I want to have text booting mode option on grub menu screen. How do I create this menu entry?

2 Answers 2


In my research, there are two ways to do this:

Method 1

Hack 10_linux script in /etc/grub.d/ and insert generation codes for text booting menuentry


  • Generates text booting menuentry for all installed kernel versions
  • Takes care of new or redundant menuentries when you install/purge kernels


  • Requires deep understanding of shell scripting
  • The script source file may vary from one grub version to another
  • Edits need to be redone if grub package updates overwrite the modified script

Method 2

Use designated script for adding custom grub menuentry in /etc/grub.d


  • Easiest and least complicated
  • No chance of being overwritten so you do it only once


  • Only if you want each of your installed kernel versions to have text booting menuentry:
    • Lots of work and harder to maintain
    • Leaving behind redundant menuentries when you purge old kernel versions

In this short step, I'm going with method #2 since it's the easiest to explain here and we'll be creating text booting menuentry only for the latest kernel image that you use.

  1. The first thing that you need is the already generated menuentry for your latest kernel. We are going to copy and use it as basis for our custom menuentry, with a little alteration. For that, you need to look in your /boot/grub/grub.cfg file. Locate the first menuentry stanza that points to the latest kernel on your Ubuntu. If you're dual booting with other linux distros, pay extra attention so you wouldn't mix it up with their menuentries.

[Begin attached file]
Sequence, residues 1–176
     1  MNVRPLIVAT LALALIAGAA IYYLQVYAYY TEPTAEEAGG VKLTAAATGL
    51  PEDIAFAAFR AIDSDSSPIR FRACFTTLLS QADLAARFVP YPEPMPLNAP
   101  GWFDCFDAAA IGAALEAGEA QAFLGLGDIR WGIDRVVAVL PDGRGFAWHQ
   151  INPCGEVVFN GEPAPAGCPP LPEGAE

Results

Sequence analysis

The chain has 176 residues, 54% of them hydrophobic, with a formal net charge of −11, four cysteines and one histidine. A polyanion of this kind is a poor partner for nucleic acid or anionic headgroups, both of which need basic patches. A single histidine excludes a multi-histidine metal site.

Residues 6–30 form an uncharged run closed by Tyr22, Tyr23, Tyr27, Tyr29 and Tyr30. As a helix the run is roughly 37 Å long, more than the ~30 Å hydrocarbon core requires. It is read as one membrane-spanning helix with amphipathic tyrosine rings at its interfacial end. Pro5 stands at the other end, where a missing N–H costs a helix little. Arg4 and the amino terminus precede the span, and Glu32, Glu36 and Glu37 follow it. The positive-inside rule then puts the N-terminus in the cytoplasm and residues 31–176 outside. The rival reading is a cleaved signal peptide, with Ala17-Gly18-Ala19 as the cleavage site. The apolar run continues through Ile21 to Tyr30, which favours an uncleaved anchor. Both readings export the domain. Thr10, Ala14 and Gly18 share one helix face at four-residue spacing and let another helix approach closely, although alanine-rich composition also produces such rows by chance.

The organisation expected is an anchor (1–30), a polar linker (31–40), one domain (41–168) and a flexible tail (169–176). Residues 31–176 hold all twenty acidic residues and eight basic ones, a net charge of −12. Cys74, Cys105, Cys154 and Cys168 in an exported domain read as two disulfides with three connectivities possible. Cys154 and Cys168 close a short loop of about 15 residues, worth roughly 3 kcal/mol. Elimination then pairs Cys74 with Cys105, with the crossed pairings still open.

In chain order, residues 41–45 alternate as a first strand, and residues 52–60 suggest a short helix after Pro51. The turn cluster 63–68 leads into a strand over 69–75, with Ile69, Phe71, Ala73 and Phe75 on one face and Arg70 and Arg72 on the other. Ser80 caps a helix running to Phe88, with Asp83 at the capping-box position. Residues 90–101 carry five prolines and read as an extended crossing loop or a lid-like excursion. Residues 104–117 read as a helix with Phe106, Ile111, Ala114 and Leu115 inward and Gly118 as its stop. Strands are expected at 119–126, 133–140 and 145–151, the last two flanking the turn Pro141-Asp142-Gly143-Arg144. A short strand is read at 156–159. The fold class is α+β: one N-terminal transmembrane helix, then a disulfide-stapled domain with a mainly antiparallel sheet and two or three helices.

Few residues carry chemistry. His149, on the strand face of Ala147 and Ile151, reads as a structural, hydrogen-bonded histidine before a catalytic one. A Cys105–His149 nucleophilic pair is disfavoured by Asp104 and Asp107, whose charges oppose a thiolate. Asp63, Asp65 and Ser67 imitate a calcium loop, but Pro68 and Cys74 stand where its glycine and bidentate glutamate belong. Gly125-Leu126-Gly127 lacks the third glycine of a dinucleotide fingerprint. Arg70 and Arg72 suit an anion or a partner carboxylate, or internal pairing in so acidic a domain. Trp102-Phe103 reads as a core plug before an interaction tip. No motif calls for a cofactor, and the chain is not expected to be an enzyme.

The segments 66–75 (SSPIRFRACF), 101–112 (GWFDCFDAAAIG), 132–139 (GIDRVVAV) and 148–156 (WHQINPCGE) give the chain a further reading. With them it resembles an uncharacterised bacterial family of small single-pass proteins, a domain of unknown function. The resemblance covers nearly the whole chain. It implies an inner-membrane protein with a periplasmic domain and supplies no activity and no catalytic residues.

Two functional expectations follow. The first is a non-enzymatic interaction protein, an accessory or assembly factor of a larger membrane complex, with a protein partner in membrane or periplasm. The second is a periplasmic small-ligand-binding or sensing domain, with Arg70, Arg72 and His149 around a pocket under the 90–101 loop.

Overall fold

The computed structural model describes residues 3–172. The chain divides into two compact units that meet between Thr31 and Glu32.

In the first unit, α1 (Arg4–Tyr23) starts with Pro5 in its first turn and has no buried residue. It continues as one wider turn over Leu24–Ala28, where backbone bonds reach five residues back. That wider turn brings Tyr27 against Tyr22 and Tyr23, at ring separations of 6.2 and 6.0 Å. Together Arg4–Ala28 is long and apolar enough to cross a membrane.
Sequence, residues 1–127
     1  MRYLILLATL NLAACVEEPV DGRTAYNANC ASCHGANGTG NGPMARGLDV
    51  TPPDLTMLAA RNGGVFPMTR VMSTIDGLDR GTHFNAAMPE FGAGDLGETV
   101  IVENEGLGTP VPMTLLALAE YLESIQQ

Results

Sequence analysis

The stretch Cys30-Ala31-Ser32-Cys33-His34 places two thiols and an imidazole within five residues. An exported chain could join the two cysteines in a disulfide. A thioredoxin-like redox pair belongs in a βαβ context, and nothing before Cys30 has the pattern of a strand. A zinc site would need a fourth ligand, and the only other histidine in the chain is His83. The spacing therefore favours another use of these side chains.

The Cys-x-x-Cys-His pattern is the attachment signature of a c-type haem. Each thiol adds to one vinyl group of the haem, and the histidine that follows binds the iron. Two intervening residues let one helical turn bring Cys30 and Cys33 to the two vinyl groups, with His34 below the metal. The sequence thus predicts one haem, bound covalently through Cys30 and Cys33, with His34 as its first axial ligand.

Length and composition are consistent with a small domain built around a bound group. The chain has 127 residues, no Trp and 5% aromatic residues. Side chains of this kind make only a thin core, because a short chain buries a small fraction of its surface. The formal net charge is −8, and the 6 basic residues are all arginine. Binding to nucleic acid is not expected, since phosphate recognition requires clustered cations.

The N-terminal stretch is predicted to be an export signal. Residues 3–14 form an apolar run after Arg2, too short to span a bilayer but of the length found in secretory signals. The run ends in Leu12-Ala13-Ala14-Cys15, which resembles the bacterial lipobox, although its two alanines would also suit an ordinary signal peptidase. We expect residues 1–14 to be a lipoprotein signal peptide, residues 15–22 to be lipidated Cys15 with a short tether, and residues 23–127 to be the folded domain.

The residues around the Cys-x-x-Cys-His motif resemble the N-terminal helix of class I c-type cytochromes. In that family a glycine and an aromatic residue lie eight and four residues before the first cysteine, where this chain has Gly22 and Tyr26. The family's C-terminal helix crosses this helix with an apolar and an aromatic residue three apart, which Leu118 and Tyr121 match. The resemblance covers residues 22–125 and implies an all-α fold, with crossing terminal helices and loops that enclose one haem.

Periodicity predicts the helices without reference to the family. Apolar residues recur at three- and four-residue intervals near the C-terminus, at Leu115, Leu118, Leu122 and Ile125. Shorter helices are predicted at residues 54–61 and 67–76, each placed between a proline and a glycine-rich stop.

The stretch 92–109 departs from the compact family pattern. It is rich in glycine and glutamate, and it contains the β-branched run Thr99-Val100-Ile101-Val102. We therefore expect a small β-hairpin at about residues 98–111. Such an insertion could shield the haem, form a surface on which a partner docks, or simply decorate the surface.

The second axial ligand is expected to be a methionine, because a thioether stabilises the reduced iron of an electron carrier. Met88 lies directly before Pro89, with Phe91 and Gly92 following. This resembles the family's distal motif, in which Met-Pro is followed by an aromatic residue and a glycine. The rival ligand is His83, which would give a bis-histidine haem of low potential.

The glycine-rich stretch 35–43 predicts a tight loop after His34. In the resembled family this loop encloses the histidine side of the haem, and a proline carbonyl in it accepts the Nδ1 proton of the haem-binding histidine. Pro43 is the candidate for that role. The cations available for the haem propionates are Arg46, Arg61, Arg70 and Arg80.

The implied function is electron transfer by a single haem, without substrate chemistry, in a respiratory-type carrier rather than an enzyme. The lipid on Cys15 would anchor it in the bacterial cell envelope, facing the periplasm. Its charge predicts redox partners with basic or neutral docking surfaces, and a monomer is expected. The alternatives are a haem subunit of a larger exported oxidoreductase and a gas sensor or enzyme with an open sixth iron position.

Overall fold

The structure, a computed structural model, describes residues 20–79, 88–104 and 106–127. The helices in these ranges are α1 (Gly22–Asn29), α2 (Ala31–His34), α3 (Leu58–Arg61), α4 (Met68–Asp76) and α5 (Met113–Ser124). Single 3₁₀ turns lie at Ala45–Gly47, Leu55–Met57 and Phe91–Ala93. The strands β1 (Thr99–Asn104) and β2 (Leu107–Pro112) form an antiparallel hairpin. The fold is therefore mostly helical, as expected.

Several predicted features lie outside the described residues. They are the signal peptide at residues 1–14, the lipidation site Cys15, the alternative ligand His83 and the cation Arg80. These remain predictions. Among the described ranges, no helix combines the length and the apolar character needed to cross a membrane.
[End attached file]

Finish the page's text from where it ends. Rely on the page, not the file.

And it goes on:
2. Once you found it, copy the entire menuentry stanza and paste it into /etc/grub.d/40_custom file. It may look like one below. Let's use this as example:

    menuentry 'Ubuntu' --class ubuntu --class gnu-linux --class gnu --class os $menuentry_id_option 'gnulinux-simple-a4e6d610-122e-42e2-8497-39eae02816e8' {
      gfxmode $linux_gfx_mode
      insmod gzio
      insmod part_gpt
      insmod ext2
      set root='hd0,gpt2'
      if [ x$feature_platform_search_hint = xy ]; then
        search --no-floppy --fs-uuid --set=root --hint-bios=hd0,gpt2 --hint-efi=hd0,gpt2 --hint-baremetal=ahci0,gpt2  a4e6d610-122e-42e2-8497-39eae02816e8
        search --no-floppy --fs-uuid --set=root a4e6d610-122e-42e2-8497-39eae02816e8
      linux   /boot/vmlinuz-3.8.0-31-generic root=UUID=a4e6d610-122e-42e2-8497-39eae02816e8 ro   quiet splash $vt_handoff
      initrd  /boot/initrd.img-3.8.0-31-generic
  3. Now here's few things that you need to edit in this stanza before you can save the file:

    • The menuentry title. Change 'Ubuntu' in menuentry line to 'Ubuntu (text mode)'
    • Path to vmlinuz file in linux line. Substitute /boot/vmlinuz-3.8.0-31-generic with /vmlinuz grub boot parameter at the end of linux line. Substitute quiet splash with text
    • Path to initrd image in initrd line. Substitute /boot/initrd.img-3.8.0-31-generic with /initrd.img
  4. Reason why we do the substitutions in both vmlinuz and initrd lines is to take advantages of the symlinks placed in / which points to their latest version in /boot dir so that our custom menuentry can always point to the most recent kernel and won't need to be changed if a new kernel is introduced.

  5. That's it. Execute sudo update-grub to generate the custom menu and you're done.



The Grub 2 Guide

If I have some time, I will try to document how ...

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